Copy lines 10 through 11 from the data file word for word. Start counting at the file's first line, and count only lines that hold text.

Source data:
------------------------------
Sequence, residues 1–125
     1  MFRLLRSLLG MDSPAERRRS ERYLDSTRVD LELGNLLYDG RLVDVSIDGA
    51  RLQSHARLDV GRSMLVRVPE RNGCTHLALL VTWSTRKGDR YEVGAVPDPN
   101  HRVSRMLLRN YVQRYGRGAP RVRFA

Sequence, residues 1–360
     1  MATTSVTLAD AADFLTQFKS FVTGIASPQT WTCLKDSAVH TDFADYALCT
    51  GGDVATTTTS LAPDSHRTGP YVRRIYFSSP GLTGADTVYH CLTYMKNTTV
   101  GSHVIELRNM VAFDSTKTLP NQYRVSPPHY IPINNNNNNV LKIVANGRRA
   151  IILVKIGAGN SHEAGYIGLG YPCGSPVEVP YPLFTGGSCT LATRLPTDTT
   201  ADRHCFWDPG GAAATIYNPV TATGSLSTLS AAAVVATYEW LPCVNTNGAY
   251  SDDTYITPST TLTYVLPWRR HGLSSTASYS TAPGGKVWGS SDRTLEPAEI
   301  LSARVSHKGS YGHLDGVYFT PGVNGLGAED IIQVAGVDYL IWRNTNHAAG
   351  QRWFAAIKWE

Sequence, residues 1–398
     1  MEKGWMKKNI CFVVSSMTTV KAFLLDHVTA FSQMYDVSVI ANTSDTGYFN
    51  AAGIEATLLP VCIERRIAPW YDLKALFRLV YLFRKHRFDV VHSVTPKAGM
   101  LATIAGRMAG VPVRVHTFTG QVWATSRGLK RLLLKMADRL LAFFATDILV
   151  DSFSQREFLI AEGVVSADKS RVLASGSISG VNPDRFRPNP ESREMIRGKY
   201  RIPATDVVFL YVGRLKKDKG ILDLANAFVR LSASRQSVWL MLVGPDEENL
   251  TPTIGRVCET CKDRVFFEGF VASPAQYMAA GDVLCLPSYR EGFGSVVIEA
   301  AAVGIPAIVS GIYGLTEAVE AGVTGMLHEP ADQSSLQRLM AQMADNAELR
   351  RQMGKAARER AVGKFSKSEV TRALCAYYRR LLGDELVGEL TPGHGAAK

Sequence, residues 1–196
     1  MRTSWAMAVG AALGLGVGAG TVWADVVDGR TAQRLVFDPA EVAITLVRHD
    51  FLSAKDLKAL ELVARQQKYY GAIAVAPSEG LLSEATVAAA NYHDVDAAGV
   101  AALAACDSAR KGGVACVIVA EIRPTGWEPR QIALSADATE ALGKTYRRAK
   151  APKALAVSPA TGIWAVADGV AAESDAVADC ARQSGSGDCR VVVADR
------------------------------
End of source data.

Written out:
   201  ADRHCFWDPG GAAATIYNPV TATGSLSTLS AAAVVATYEW LPCVNTNGAY
   251  SDDTYITPST TLTYVLPWRR HGLSSTASYS TAPGGKVWGS SDRTLEPAEI